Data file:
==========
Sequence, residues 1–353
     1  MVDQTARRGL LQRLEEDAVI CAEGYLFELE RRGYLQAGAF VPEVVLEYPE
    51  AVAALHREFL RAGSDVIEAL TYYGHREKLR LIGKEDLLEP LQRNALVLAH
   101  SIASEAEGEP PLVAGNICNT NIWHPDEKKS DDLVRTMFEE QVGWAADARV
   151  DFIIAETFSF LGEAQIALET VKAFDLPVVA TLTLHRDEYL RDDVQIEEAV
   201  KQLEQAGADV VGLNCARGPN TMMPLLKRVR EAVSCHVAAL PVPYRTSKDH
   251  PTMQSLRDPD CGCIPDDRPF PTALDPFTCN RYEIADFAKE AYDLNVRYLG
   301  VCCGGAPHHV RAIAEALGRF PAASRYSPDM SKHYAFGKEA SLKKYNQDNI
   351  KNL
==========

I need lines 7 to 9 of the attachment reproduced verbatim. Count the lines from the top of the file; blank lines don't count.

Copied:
   251  PTMQSLRDPD CGCIPDDRPF PTALDPFTCN RYEIADFAKE AYDLNVRYLG
   301  VCCGGAPHHV RAIAEALGRF PAASRYSPDM SKHYAFGKEA SLKKYNQDNI
   351  KNL